Sea Vixen was a two-seat naval day and night all-weather fighter which successfully completed its carrier trials in April 1956. The initial production order for the Royal Navy (placed in January 1955) was followed by further contracts which kept the aircraft in production until 1964. The initial production version was the Sea Vixen F(AW).1, armed with Firestreak missiles and varied loads of air-to-air unguided rockets, bombs and Bullpup air-to-surface missiles.
The first fully developed F(AW).1 flew on 20 March 1957 and the first Royal Navy squadron (No 892) was formed on 2 July 1959. This version subsequently equipped five other squadrons, including No 766 all-weather training and No 899 HQ Squadrons. The Sea Vixen F(AW).2 was basically similar but had changes of equipment, including provision for Red Top missiles, and deeper tailbooms which extended forward of the wing and contained additional fuel tankage. This version entered service in 1964. One hundred and nineteen and 29 examples of the two versions were built.
De Havilland D.H.110 Sea Vixen on YOUTUBE
A three-view drawing (800 x 663)
2 x Rolls-Royce "Avon" RA 28, 44.5kN
50 ft 10 in
54 ft 6 in
11 ft 2 in
647.99 sq ft
4 x 30mm machine-guns, bombs and missiles
Fred Freeman, e-mail, 24.11.2014 18:41
I worked on Vixens for a number of years in the trade of airframes and engines (FAA) with 766 & 899 Sqdns. & yes, they could be a pig to work on! I remember running out to my a /c XS557 on a number of occasions as it waited in line for the cats prior to launch to shake the wings up and down to engage the wing fold locks; flying control hydraulics which had to be manually bled with an installed hand pump, checking for the presence of air in the hydraulic fluid as it passed along a sight glass; the alignment and locking of the accessory gearbox inclined drive shaft could be better achieved by a gynacologist; changing the cold air unit which was jammed down between the engine compressor casings was not easy and neither was the hydraulic alternator in the underbelly wich you had to balance on your feet whilst lay on your back covered in hydraulic fluid and fuel. Ahhhh De Havilland! But what a class act when she was airborne!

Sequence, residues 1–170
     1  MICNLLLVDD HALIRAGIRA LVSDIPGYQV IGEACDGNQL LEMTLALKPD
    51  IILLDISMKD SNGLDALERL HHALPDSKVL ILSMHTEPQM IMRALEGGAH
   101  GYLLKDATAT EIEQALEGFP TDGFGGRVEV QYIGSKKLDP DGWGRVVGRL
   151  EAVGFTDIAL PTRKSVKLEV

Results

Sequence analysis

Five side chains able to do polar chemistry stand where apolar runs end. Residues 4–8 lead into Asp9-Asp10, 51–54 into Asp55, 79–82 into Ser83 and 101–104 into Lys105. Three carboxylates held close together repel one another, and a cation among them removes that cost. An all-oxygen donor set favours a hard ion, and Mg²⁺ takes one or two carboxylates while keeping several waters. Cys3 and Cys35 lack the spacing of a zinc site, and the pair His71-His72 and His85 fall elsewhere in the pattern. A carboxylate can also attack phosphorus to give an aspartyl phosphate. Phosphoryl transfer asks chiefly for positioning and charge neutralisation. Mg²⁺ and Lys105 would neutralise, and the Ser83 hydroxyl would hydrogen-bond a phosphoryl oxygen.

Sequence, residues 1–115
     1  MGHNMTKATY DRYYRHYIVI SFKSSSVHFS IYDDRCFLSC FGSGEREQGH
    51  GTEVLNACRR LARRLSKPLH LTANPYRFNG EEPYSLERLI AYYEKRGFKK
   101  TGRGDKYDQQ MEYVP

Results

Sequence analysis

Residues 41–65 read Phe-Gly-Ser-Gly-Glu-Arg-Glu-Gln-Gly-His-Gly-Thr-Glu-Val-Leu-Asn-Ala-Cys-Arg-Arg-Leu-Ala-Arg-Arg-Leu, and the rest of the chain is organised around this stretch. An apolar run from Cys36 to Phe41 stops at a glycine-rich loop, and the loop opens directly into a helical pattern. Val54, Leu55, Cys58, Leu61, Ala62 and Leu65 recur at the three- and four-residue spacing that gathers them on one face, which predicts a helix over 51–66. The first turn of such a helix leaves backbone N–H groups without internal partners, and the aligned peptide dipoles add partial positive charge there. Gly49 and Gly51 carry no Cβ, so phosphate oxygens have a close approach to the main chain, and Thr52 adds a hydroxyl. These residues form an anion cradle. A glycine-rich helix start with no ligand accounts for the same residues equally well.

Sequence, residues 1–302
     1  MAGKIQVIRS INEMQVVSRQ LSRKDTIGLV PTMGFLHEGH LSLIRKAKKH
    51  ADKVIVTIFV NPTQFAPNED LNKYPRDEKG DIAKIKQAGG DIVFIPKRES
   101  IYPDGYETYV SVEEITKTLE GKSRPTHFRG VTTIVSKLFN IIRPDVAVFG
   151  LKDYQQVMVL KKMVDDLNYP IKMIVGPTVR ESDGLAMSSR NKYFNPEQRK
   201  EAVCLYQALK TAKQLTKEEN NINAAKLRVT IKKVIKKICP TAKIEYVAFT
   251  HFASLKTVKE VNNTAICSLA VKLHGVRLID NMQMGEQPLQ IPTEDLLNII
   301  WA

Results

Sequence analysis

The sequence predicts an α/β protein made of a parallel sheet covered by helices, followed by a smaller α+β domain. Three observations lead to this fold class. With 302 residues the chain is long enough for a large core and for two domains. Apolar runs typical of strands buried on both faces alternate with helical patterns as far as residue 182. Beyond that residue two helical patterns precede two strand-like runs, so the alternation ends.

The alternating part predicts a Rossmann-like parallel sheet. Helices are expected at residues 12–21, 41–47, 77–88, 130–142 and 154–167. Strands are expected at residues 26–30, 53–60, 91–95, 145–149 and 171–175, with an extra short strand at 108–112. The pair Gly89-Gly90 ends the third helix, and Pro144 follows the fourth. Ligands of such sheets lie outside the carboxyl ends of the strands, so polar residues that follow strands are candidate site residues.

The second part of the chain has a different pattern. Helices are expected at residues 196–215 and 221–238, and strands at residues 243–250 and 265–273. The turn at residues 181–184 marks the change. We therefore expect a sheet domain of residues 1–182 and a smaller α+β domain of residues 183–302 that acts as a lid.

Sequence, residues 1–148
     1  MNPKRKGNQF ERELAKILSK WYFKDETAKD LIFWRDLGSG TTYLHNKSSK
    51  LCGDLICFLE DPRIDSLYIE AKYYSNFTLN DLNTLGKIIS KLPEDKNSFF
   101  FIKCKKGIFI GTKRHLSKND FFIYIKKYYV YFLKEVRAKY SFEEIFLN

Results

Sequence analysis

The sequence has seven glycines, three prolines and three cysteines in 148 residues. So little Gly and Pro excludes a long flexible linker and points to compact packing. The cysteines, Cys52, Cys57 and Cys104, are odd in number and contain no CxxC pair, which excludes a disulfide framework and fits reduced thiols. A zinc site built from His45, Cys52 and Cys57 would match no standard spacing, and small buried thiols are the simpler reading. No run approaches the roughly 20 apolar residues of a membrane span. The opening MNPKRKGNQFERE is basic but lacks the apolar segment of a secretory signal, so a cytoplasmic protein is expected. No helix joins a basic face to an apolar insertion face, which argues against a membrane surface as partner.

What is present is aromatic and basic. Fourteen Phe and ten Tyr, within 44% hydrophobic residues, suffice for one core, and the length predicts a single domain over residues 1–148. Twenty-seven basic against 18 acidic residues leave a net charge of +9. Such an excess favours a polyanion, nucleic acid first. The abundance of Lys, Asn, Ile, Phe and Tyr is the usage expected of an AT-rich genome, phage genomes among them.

I too was at the airshow on the day of the tragic accident. I was on the hill where the engine landed in the motorcycle park. Little did I know then that several years later I would be involved in the canopy redesign for the production version of the DH 110 Sea Vixen. I emigrated to Canada in 1956 before the first flight.
Having worked on the Mk2 Vixen, both ashore and afloat I can safely say that it was not an easy aircraft to work on. It was heavy and dangerous work with lots of things that could trap your fingers or stick in your head (especially 3" Rocket Rails). the Wing Fold mechanism had to be cleaned and lubricated regularly otherwise it would corrode and the Latch Pins wouldn't lock the wings down unless you jumped up and down on the outer Wings. Having said all that, I had a blast working on them (and flying in them a couple of times) and the memory of those times will always be with me.
The days when this country was great, we actually had a Fleet Air Arm and aircraft carriers - I despair at the defence cuts just because our msiguided government(s) think it more right to let foreign spongers take the piss AND give foreign aid out to the tune of £34 billion EVERY year. It makes my blood boil.
Please read Brian Rivas and Annie Bullens book on John Derry pages 190 /192 for the exact cause of the wing failure of the 110 at Farnbororgh 1952. I was also there and saw the whole accident wh.ich seemed to happen in slow motion but it only took one second